Pub: Sydney Morning Herald
Section: News and Features
At last, something for Sydney’s architects to cheer about
YOU will have noticed how unmistakably a gathering of architects resembles a priestly congregation: fervent, black-clad and concreted into communal faith. It doesn’t stop there. Architectural ideas, too, are like religious visions. The having is easy, the words, the drawings, the promises; it’s the doing that tests, both the dream and the dreamer.
This is why architectural drawings so often make you feel you’re being lied to. Known as pretties, they show a world where plants never need water and humans never need comforting. It’s also why awards for real, on-the-ground buildings are the only ones worth feeding, and why the 25-year award can be the most telling of the lot.
In recent years the Australian Institute of Architects’ NSW Awards (it dropped the embarrassing Royal earlier in the year) have been patchy at best. This year, though, yielded a bountiful crop and a smart, winnowing jury, chaired by Government Architect Peter Mould and including Sydney councillor John McInerney and architects Peter John Cantrill, Stephen Davies and Tony Chenchow. Their pickings show a strong strain of virtue-rewarded. Not in any prissy, holier-than-thou way, but in a way that tries to reward a genuine syncretism of goodness and beauty.
The Special Jury Award went to one of architecture’s unsung heroes, Paul Pholeros. Over 20 years Pholeros has worked with partners Dr Paul Torzillo and Stephen Rainow to restore housing amenity and “health hardware” for more than 5000 Aboriginal families.
More recently, he has designed and nursed to completion a number of intensely low-tech but high-elegance eco-resorts in China and Indonesia. In the process he persuaded ambitious developers to abandon their knee-jerk trajectory of frantic westernisation by using local skills, materials and philosophies – bamboo structures, local timber and handmade demolition tiles – pursuing sustainability without for a moment relinquishing beauty.
The 25-year prize went to Vivian Fraser’s still-muscular renovation of Pier 4 at Walsh Bay for the Sydney Theatre Company; an uncompromising and, at the time, unprecedented move for this country, without which the Walsh Bay we see today – which I like very much – would never have happened.
The President’s Prize, equally well-earned, went to retiring Historic Houses Trust director Peter Watts. This is ironic, in the very year when NSW’s heritage apparatus has been effectively disbanded, but Watts, himself an architect, has repeatedly proved that decent architecture depends on intelligent clients, and that heritage and modernism can make the finest bedfellows.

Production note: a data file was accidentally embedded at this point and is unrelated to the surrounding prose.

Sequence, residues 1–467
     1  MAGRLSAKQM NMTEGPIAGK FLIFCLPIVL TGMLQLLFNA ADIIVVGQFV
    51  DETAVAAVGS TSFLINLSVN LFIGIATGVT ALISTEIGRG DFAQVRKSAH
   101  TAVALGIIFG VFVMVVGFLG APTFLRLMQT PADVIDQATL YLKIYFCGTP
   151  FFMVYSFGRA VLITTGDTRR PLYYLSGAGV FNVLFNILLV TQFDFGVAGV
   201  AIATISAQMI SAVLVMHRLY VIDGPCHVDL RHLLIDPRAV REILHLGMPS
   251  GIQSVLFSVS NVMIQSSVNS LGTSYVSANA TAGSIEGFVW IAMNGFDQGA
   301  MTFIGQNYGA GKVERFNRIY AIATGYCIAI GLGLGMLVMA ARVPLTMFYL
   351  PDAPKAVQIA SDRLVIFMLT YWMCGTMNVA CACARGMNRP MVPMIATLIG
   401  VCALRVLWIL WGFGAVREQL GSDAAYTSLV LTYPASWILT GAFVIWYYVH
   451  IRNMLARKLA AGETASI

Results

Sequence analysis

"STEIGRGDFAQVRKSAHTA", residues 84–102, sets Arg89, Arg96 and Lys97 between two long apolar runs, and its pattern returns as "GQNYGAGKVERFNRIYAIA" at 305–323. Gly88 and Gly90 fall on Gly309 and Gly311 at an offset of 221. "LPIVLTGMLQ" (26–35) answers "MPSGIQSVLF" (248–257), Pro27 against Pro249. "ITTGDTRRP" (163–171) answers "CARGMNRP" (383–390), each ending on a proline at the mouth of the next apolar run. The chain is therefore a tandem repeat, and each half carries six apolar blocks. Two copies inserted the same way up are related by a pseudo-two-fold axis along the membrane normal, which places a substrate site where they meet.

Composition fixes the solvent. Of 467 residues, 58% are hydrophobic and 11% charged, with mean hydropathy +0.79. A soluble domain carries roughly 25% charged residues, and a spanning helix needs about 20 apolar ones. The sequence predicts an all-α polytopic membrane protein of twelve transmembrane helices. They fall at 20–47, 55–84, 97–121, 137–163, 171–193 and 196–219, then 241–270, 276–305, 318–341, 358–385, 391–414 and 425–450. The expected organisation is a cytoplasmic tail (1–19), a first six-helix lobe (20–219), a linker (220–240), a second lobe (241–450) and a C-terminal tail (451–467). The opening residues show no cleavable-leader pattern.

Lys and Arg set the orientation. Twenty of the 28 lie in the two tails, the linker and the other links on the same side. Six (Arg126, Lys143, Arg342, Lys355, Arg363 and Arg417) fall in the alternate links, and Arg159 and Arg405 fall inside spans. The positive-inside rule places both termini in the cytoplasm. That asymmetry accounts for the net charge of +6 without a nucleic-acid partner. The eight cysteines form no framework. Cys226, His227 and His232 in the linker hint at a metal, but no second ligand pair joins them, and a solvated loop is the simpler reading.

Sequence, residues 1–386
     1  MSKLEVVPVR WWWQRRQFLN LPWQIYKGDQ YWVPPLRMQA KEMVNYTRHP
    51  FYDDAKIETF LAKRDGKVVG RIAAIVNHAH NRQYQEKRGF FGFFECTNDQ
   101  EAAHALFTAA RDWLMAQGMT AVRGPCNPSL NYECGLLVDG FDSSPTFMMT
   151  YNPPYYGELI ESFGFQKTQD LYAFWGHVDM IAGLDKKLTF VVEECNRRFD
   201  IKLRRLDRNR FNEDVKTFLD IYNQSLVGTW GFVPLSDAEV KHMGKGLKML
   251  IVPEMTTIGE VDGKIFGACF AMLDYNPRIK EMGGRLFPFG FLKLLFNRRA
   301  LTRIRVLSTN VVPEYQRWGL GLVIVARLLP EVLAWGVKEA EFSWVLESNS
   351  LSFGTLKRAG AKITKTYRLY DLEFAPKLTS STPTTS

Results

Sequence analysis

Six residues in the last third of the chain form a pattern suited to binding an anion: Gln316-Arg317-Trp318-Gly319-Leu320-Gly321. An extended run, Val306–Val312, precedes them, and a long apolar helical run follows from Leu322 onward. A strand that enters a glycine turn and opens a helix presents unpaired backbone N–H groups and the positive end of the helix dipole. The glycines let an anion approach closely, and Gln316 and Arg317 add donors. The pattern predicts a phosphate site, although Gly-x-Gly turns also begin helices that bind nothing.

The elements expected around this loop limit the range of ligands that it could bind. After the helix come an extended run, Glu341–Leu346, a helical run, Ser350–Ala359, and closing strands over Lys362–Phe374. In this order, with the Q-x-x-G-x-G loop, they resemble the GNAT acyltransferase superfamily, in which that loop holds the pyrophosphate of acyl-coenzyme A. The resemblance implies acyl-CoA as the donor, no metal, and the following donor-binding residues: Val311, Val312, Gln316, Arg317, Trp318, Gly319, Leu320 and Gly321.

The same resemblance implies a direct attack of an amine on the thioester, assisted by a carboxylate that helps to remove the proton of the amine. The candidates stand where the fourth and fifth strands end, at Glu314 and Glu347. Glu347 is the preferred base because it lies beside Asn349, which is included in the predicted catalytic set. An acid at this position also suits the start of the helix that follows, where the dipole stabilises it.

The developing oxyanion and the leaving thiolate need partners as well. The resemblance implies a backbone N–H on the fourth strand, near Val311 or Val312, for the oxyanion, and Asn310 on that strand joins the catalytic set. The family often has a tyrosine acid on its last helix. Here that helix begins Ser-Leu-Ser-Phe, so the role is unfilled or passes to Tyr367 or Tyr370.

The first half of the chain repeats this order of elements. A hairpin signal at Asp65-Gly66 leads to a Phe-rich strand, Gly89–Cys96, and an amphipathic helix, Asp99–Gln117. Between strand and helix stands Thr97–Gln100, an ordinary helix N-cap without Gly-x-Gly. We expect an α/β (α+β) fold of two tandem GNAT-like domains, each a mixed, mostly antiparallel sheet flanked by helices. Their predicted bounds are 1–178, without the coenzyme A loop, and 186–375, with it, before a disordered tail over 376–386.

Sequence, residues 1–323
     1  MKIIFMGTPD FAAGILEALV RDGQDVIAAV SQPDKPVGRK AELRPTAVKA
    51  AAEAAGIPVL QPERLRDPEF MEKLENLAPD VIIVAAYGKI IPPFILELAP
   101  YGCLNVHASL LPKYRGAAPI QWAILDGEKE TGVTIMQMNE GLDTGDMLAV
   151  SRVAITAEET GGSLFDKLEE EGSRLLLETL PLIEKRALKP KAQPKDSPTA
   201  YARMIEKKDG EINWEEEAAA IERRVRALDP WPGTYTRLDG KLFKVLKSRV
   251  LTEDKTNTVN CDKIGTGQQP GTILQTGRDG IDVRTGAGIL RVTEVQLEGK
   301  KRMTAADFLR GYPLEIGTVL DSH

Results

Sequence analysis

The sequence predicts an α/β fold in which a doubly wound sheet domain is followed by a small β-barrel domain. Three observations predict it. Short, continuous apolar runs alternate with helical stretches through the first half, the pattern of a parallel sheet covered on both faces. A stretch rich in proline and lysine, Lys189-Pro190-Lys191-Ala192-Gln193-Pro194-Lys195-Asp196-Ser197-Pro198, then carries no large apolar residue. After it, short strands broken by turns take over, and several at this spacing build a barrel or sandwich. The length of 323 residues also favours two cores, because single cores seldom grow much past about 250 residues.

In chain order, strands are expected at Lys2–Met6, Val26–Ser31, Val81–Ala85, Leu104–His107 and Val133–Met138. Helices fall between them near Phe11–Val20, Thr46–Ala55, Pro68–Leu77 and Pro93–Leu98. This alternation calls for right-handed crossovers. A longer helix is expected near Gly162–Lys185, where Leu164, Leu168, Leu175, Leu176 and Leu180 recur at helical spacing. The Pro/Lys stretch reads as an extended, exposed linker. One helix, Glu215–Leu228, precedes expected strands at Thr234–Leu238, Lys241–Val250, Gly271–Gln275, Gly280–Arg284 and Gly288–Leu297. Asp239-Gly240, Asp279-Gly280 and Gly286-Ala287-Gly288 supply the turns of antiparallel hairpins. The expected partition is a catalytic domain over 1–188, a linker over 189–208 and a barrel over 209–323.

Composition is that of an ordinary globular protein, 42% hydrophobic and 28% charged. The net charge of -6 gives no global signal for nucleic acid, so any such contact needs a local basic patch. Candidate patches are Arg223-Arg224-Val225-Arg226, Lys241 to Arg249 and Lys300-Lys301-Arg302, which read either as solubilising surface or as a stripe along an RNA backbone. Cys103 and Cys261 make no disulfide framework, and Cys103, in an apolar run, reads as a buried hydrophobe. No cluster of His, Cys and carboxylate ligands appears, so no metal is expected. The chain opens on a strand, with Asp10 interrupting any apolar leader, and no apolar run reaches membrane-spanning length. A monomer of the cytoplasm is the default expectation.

Andrea Nield’s tireless humanitarian work with Emergency Architects Australia won the Marion Mahony Griffin Award.
And yet, in both of the big awards, the Sulman for public architecture and the Wilkinson for houses – my favourites were the runners-up. The Sulman went to Kennedy Associates’ Bowden Centre at Mount Annan Botanic Gardens; handsome but too heavily dependent, to my mind, on Glenn Murcutt’s Arthur Boyd Centre, and not as good. Meanwhile Harry Seidler’s lyrical and light-filled Ian Thorpe Aquatic Centre which, as architecture should, turns a workaday activity into a daily delight, must content itself with an also-ran Architecture Prize. Ditto Tonkin Zulaikha’s enjoyably masculine Eveleigh CarriageWorks conversion.
Same, too, with the houses. The Wilkinson went to James Stockwell’s Leura House, a worthy but familiar re-run of ’50s California, in a strongly horizontal Neutra-meets-Gordon Drake kind of way. Whereas Reg Lark’s more elegant and inventive if somewhat arctic Balgowlah House had to make do with an Architecture Award. This put it on par with Nick Murcutt’s and Rachel Neeson’s North Avoca House, a fussy disappointment after the strong-and-silent Five Dock house that won them the Wilkinson last year.
All of which only confirms, perhaps, what many have suspected all along; architects perform best on a very short leash. Peter Stutchbury’s renovation of Michael Dysart’s wildly romantic 1977 Garden House, for example, seriously out-charms his tinny new-built Avalon House (though both received Architecture Awards).
While some of the most enchanting projects of the lot were the so-called Small Projects: Richard Leplastrier’s four-square, melaleuca-centred Japanesey amenities pavilion at Middle Head; and especially, Casey Brown Architecture’s Ned Kelly-esque Permanent Camping, a lantern-shaped, room-sized cabinet sheathed in flip-up corrugated copper shutters in a harsh, sclerophyll landscape.
Anthropomorphic, yes, but nonetheless lovable for that.
And the winners are
Sulman Award for Public Architecture: The Bowden Centre, Mount Annan Botanic Gardens; Kennedy Associates
Lloyd Rees Award for Urban Design: Rouse Hill Town Centre; Rice Daubney, Allen Jack + Cottier
Milo Dunphy Award for Sustainable Architecture: Stockland Head Office
Greenway Award for Heritage Architecture: CarriageWorks at Eveleigh; Tonkin Zulaikha Greer
Wilkinson Award for Residential Architecture: Leura House; James Stockwell
FOUR PHOTOS: Ian Thorpe Aquatic Centre by Harry Seidler Assoc. Photo: Dirk Meinecke Peter Stutchbury’s renovation of Garden House. Photo: Michael Nicholson
Permanent Camping by Casey Brown Architecture. An eco-resort in China by Paul Pholeros.